Question from Vitor:
Good evening, how are you? My name is Vitor and I am only a seeker of knowledge, I can not stand to see people self-deceiving but I can do nothing. The apex of my disappointment are pseudosciences and promoters of insanities and follies.
I would like to discuss some matters with you. For there are not many who can discuss these subjects in search of skeptical knowledge, without traps of thought and cognition, and self-delusional beliefs coming from mysticisms, esoterisms, religions, pseudosciences and other nonsense.
Like any other human being, I have doubts that I would like to discuss with someone. Maybe I may be bothering you and I’m sorry, maybe you can not always argue with me but whenever I can I’ll be grateful.
Below are some things that both bother me.
If it is not uncomfortable, may I discuss various matters with you?
1. What you think about Buddhist cosmology?
2. The silly idea for suffering in Buddhism ?
3. About Nirvana in Buddhism?
4. Reincarnation, what do you think?
Answer by SmartLX:
1. Buddhist cosmology holds that the universe consists of a large number of different planes, each corresponding to a different mental state. There is no evidence for the other planes, let alone the idea that they are at all connected to the thoughts in human brains. Separately, the cyclical model of the universe very gradually fading between existence and nothingness does not match any hypothetical cyclical cosmologies that would work within the laws of physics (e.g. a Big Bang / Big Crunch cycle).
2/3. The “Four Noble Truths” of Buddhism hold that suffering can be eliminated by freeing oneself from desire. Achieving this is by definition reaching a state of Nirvana, and in fact you become a buddha yourself if you manage it. This is an incredibly unrealistic goal for a living human being. The list of people who have even claimed to achieve it is very short, and it includes people like Jim Jones. (Incidentally, another part of the enlightenment of Nirvana is being free from ideas, which is in stark contrast to the principles of the Age of Enlightenment.)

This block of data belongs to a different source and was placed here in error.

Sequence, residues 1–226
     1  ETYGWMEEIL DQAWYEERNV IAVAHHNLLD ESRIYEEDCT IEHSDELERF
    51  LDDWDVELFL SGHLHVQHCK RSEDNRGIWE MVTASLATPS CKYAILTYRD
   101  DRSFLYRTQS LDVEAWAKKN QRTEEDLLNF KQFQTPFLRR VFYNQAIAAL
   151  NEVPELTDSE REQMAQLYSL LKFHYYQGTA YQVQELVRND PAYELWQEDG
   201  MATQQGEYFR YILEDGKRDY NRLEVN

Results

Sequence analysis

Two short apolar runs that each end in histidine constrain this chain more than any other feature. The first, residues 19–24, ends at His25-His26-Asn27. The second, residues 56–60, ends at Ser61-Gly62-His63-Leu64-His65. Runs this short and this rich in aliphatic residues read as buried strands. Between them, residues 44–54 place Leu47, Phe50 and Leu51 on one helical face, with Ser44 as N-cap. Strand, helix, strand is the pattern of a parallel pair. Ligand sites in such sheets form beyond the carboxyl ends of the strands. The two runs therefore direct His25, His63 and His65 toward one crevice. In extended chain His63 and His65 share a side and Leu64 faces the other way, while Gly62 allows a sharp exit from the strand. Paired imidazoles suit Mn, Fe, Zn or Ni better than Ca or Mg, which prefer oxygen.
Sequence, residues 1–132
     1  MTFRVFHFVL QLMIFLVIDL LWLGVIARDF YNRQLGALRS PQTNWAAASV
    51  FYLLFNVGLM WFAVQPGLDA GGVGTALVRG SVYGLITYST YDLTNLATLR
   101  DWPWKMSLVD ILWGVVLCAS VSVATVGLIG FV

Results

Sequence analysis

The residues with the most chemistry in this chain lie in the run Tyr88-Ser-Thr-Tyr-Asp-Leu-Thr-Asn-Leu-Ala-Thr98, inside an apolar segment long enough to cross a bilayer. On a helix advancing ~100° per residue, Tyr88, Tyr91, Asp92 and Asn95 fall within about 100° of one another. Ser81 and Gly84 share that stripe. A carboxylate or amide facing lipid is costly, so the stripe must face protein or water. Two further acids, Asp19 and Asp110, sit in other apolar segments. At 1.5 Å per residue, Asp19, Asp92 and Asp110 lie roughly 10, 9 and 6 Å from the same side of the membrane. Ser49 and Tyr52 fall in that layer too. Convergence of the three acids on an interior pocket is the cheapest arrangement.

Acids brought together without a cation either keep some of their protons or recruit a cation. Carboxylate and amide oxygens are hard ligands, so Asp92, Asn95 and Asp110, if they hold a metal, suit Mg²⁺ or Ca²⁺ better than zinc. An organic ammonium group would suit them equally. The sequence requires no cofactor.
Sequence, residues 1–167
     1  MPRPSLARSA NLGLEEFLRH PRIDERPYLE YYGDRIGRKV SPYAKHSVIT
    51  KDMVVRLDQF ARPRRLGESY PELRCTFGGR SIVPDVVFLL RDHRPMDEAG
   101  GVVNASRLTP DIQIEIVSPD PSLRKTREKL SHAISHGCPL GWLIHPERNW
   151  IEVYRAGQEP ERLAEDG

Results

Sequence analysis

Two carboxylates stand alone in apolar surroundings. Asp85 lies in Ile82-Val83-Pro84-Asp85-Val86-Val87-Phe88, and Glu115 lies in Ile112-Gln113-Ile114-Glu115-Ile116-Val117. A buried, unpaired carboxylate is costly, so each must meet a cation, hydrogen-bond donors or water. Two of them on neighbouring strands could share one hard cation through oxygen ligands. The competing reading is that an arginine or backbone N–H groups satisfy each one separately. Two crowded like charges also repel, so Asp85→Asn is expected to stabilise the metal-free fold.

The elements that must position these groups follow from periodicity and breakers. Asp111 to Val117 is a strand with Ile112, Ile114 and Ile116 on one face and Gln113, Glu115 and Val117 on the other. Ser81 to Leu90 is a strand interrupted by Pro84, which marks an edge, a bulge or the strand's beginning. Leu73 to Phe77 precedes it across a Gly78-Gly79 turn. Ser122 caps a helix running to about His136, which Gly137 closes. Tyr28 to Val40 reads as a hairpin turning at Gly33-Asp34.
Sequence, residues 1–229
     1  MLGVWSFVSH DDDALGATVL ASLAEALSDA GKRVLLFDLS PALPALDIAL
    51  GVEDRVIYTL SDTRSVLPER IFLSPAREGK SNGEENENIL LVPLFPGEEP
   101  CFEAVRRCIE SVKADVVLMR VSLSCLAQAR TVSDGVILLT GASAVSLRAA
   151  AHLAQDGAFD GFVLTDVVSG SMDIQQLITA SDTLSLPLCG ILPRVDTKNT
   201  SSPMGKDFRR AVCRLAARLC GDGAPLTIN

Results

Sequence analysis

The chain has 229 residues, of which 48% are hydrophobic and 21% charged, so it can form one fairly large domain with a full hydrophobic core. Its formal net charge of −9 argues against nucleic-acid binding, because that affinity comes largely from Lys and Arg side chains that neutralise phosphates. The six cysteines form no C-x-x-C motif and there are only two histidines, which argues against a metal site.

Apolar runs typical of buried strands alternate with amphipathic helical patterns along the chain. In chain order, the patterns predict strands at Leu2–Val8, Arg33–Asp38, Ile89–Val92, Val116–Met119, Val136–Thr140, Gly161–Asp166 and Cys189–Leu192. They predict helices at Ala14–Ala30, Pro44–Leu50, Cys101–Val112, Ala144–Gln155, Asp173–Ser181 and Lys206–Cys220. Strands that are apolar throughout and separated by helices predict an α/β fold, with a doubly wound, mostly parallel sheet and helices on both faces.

4. Reincarnation, like the doctrines of many other religions, requires the existence of a soul independent of the body which maintains a person’s identity after death, in this case to insert into a subsequent body. There’s no evidence of identity surviving the death of the brain in any form.
Question from Cody:
a) What does it mean to be human?
b) What happens after death?
c) Elaborate on who Jesus Christ is according to your worldview.
d) How does your worldview deal with the concepts of evil and suffering in the world?
These are 4 questions that have come up in my class. The goal is to get the answers for each question for a Christian and atheistic view.
Any help is appreciated.
Answer by SmartLX:
You’re not the first person who’s asked for help fulfilling an academic requirement to get an atheist’s perspective on philosophical and traditionally theological matters. We did a big piece here specifically to address the questions in a college course called Christian Worldview. I find it interesting how many people are under the impression that they don’t know any atheists. While in some cases perhaps it’s true, in many cases I bet people know more atheists than they think.
Anyway, to the questions. I’ll give my own views, but I’ll also explain where there is any major disagreement among atheists in general.
a) The human being, or Homo sapiens, is a species to which we all belong. Because our physical and neurological makeup is so similar as members of a species, we have a great deal in common. With very few exceptions, we feel great empathy for each other, and at least some empathy for other life on Earth. Systems of law, ethics and morality have come about not just so we can protect ourselves, but so we can help others in society and achieve justice for all. Of course it doesn’t always work out like that, but we make adjustments and improvements as we go.
b) All known evidence indicates that all behaviour which defines life, humanity and identity is driven by the physical brain and the electrical signals going through it, and not an additional ethereal “soul”. (Consider that physical brain damage can alter or destroy any part of a person’s identity, up to complete brain-death which is equivalent to true death.) When a person dies, the electrical signals stop and the structure of the brain is effectively destroyed in a matter of minutes. Therefore, by all indications there is no longer a person after death for anything to happen to.